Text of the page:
Anyone who collects money for the work of God is accepting a very serious responsibility. That money belongs to God and not to people. Therefore, the person who collects it has a duty to God to deal properly with it.
Paul was arranging a large gift to help the poor Christians in Judea. Several years previously, the leaders of the church in Jerusalem had asked him to do that*. In the meantime, Paul had established many new churches, in several different countries*. It was the members of those new churches who were giving this gift.
Paul chose not to collect anyone’s gift himself*. Instead, two men would come with Titus to collect the gift from the church at Corinth. Paul does not give their names, but one of them was well-known in all the churches*. Paul did not select that man to carry out this task; the churches chose him.
Therefore, it was clear that Paul did not have control over the money. Because two men were collecting the money together, they would check each other’s work. Titus also would be with them, to introduce them to Corinth’s Christians and to see that they acted properly.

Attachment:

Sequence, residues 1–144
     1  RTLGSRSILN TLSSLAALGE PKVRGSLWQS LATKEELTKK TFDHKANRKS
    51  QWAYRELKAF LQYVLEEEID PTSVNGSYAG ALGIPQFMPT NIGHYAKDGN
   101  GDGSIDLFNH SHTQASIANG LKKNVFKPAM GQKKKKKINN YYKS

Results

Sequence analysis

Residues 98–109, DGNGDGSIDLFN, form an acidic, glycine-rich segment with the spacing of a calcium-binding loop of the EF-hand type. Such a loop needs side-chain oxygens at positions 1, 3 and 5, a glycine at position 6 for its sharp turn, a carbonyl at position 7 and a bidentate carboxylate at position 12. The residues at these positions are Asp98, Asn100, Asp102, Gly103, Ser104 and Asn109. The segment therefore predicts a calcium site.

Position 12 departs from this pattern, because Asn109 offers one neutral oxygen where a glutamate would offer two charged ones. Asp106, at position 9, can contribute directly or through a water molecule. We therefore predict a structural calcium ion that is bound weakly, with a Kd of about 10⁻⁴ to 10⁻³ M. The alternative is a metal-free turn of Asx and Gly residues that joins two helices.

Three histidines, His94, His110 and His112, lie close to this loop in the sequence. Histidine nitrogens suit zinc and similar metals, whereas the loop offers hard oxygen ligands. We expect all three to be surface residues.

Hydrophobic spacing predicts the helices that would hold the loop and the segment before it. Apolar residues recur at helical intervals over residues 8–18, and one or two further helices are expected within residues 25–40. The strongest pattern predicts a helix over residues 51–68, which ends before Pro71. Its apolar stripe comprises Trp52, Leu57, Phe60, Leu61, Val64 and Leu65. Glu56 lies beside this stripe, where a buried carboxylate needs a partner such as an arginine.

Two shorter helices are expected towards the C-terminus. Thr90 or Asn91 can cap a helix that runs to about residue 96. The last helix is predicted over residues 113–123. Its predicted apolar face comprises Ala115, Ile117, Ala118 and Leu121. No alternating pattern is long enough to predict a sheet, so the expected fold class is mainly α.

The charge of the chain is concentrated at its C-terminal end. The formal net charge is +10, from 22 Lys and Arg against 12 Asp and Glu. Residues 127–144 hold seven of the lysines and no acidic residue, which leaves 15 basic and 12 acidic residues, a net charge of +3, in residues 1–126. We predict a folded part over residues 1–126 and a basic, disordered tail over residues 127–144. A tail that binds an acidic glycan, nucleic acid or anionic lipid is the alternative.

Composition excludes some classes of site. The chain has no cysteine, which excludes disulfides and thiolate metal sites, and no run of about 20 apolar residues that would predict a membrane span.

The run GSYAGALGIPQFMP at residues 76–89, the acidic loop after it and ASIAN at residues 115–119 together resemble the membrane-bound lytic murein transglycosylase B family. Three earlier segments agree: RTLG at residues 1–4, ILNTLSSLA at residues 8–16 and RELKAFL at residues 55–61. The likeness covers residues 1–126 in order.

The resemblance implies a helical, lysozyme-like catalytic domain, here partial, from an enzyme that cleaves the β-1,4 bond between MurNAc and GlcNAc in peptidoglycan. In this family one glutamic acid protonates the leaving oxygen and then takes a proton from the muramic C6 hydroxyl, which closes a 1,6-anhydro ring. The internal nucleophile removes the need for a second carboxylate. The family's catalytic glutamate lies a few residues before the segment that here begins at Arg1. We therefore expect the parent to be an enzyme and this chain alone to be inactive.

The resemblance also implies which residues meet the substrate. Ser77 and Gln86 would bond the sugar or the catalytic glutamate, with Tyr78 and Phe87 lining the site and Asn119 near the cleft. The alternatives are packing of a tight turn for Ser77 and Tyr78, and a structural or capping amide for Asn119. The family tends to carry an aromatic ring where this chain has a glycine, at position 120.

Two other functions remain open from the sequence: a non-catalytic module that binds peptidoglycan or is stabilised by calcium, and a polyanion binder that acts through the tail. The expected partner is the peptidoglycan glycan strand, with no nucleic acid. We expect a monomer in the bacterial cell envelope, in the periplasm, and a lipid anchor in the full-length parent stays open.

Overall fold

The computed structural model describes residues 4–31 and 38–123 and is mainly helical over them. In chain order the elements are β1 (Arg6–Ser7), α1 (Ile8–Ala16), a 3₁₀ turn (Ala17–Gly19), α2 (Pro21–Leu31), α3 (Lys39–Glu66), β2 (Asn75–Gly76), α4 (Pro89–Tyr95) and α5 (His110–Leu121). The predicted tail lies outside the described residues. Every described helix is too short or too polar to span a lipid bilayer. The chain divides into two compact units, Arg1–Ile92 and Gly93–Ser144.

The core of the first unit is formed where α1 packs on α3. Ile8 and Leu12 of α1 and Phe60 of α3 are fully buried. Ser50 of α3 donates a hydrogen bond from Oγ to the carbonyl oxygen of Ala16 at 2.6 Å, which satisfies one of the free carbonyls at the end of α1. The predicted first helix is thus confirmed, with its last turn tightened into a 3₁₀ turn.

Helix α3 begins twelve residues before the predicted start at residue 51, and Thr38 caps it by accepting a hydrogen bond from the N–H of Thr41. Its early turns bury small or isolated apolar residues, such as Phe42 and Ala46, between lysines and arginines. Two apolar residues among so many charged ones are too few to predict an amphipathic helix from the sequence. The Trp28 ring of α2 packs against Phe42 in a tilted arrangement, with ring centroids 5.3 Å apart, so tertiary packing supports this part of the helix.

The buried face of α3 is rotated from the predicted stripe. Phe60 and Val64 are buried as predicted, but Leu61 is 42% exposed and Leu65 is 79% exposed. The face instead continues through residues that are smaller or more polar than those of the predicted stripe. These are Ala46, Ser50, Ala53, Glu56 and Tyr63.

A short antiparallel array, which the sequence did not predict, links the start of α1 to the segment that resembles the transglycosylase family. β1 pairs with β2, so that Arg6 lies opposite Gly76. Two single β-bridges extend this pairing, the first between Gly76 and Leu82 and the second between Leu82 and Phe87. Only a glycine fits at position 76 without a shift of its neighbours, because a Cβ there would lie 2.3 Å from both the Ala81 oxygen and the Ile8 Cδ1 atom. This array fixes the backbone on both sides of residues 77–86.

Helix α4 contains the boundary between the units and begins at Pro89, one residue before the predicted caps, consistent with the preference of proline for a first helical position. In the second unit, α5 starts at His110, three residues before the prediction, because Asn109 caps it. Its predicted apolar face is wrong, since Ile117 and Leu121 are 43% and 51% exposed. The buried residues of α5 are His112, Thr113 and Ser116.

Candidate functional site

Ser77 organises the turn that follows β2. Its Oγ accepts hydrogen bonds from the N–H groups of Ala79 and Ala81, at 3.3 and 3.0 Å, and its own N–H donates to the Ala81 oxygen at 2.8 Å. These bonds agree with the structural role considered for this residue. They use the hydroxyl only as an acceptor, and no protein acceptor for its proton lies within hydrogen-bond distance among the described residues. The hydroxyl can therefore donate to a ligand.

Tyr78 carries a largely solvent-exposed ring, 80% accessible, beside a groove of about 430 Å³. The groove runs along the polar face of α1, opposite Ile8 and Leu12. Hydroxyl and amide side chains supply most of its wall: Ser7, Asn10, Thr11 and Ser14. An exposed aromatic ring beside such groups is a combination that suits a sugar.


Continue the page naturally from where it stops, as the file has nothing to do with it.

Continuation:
Of course Paul did not have to prove to God that he was honest; God already knew that. These arrangements were necessary in order to give confidence to the people who gave their money. In order to give generously, the people needed to know that Paul and the other men would deal properly with their gifts. They needed to be sure that their gifts would reach and help the right people. It was essential that the money benefited Judea’s poor Christians and nobody else. That was the purpose of the gift, so Paul had made careful arrangements to achieve that purpose.
Next part: Different meanings of ‘eager’ (8:22)
* See complete article for these Bible references.
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© 2016, Keith Simons.